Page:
More here soon…

Critters taste good in St. Patrick’s Day stew

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I haven’t posted much lately because of March Madness.

The past three weeks have been Basketball Tournament Time here in the Mountain State. So far I’ve covered games in the state small-college conference tournament, the girls’ state’ high-school tournament and the boys’ state high-school tournament. I do it because the Gazette’s sports staff gets stretched mighty thin in early March. The editors ask me to help out, and I do.

What does basketball have to do with critters, stew and St. Patrick’s Day? Nothing, really. But I felt you were owed an explanation. Now on to the topic at hand:

Back during the summer, I did a story on a Huntington woman’s recipe for Goose a l’Orange. To get the necessary photographs, I visited Regina, Todd and Kristin Trimboli’s house on an evening Regina had chosen to prepare the dish. During dinner (you didn’t think I’d turn down a free meal, did you?), Todd mentioned that Regina also liked to prepare Irish Stew with game meat as the chief component. He said it had become a family tradition to serve it on St. Patrick’s Day, and he and Regina invited me to stop by the following March for a sample.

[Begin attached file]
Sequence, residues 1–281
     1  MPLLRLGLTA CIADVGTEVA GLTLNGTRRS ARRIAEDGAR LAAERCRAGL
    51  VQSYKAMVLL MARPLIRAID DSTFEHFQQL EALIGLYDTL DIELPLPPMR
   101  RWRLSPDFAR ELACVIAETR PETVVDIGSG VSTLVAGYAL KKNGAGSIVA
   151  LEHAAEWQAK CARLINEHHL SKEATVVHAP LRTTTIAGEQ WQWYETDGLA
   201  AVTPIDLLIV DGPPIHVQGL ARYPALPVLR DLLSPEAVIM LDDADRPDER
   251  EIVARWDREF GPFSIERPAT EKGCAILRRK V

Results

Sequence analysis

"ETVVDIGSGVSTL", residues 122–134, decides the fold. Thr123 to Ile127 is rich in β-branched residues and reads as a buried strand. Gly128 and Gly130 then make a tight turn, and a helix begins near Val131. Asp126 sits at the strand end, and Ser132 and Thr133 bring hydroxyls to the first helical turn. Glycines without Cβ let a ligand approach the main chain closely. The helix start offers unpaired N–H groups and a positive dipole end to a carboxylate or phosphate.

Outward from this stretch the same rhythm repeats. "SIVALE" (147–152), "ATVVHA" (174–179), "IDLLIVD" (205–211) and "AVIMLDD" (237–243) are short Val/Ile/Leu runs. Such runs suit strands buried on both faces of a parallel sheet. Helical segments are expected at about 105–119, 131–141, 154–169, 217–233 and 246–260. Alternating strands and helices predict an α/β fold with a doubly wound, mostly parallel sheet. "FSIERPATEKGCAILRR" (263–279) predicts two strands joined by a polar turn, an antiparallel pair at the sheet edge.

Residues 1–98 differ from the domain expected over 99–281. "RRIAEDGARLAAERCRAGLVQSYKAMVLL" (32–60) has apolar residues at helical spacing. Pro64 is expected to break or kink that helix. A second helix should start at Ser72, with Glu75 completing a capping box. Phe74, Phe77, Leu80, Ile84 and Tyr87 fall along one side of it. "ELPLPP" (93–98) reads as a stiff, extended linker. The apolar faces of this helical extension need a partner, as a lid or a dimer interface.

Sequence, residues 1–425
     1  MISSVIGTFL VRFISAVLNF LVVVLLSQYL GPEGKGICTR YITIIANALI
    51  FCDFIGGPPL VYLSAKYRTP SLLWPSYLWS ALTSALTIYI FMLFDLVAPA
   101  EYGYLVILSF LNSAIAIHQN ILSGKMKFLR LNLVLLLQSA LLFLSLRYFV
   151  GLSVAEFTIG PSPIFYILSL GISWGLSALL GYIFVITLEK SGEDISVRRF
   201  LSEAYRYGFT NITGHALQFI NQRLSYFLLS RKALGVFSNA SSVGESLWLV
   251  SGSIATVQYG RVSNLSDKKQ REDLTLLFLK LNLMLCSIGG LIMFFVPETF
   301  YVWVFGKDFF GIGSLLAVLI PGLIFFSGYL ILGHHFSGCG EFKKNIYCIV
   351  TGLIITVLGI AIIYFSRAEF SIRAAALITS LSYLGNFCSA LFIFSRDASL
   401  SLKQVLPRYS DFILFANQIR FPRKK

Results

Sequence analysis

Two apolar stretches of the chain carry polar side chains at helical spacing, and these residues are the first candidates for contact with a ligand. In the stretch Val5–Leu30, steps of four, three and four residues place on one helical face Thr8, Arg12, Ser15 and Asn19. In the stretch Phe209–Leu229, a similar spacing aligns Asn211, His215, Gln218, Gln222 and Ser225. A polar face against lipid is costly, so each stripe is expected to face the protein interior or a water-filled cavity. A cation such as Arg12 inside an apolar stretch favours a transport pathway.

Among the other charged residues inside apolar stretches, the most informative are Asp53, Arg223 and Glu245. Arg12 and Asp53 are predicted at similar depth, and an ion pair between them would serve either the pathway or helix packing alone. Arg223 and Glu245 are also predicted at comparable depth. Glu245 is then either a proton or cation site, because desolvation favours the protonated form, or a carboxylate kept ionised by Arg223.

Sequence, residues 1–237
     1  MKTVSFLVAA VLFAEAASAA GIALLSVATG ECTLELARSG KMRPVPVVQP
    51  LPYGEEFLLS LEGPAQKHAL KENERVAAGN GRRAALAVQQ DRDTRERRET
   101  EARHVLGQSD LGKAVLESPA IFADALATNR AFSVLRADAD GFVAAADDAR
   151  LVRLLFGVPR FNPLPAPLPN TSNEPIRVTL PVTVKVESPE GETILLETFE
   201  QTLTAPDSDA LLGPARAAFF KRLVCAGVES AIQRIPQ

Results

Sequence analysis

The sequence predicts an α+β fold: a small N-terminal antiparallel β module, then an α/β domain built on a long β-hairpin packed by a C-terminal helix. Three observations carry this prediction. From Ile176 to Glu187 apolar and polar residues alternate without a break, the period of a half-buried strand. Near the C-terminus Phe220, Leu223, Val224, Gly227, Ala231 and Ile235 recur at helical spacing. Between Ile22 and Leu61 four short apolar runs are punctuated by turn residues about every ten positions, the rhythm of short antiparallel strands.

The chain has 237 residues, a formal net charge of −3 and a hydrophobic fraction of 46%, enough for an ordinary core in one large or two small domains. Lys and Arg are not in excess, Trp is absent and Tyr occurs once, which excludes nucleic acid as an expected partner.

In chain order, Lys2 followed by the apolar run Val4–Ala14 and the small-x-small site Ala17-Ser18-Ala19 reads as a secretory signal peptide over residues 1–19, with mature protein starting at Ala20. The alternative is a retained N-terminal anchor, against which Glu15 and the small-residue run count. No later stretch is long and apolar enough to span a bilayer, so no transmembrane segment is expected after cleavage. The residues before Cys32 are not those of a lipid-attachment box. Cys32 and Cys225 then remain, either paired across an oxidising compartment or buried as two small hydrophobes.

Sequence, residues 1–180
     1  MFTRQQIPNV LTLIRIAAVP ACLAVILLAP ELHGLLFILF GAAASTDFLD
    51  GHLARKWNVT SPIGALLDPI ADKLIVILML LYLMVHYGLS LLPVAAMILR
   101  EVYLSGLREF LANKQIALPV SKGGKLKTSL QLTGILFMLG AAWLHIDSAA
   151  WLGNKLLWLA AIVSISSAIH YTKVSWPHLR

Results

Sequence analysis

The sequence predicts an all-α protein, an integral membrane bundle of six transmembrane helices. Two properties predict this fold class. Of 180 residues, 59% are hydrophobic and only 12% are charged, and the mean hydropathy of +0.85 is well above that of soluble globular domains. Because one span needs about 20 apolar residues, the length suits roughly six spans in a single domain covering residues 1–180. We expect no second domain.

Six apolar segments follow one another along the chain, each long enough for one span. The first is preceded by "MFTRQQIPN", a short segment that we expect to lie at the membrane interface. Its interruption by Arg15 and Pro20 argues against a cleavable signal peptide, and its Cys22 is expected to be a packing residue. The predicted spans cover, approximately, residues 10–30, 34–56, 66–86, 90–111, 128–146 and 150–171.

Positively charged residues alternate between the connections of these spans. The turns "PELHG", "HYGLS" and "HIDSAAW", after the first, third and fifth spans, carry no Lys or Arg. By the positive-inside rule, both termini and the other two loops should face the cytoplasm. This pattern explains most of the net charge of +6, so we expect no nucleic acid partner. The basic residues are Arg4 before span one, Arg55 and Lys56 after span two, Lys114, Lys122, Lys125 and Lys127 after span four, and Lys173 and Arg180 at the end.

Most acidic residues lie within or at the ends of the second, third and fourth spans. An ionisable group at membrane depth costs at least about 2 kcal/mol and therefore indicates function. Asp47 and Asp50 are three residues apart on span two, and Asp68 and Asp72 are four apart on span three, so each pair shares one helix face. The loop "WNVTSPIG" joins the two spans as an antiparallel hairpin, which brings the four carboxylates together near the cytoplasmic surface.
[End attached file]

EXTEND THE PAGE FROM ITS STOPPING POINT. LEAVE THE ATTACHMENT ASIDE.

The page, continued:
That was today. I just polished off a hearty sample made with venison, rabbit and squirrel. As expected, it was delicious!

Regina gave me permission to share the recipe with you. Here it is:

Irish Stew

Ingredients: 1 1/2 lbs. venison, 1 rabbit, 2 squirrels, 3 cups beef broth, 2 tbsp. all-purpose flour, 1 1/2 tbsp. vegetable oil, 2 cloves minced garlic, 1 tsp. ground thyme, 1 tsp. salt, 1/4 tsp. pepper, 1 bottle Harp beer, 5 cubed potatoes, 6 carrots sliced into discs, and 3/4 of an onion diced or minced.

Instructions: Boil the rabbit and squirrel separately until tender and cut into pieces. Cut the venison into bite-sized pieces and brown in oil. Add 1 cup of beef broth to the venison, bring to a boil and simmer 30 minutes, stirring occasionally. Add the cooked rabbit and squirrel and simmer 10 more minutes. Add the garlic, thyme, salt and pepper. Add the bottle of beer and bring to a boil. Add the onion and simmer for 5 minutes. Add the potatoes, the carrots and 1 more cup of beef broth. Bring to a boil, cover and simmer, stirring occasionally for 30 to 40 minutes (vegetables should be tender, not soft). Combine 1/2 cup of beef broth with 2 tbsp. of all-purpose flour and add to the stew until the stew thickens. If the stew is too thick, more beef broth can be added.

Enjoy!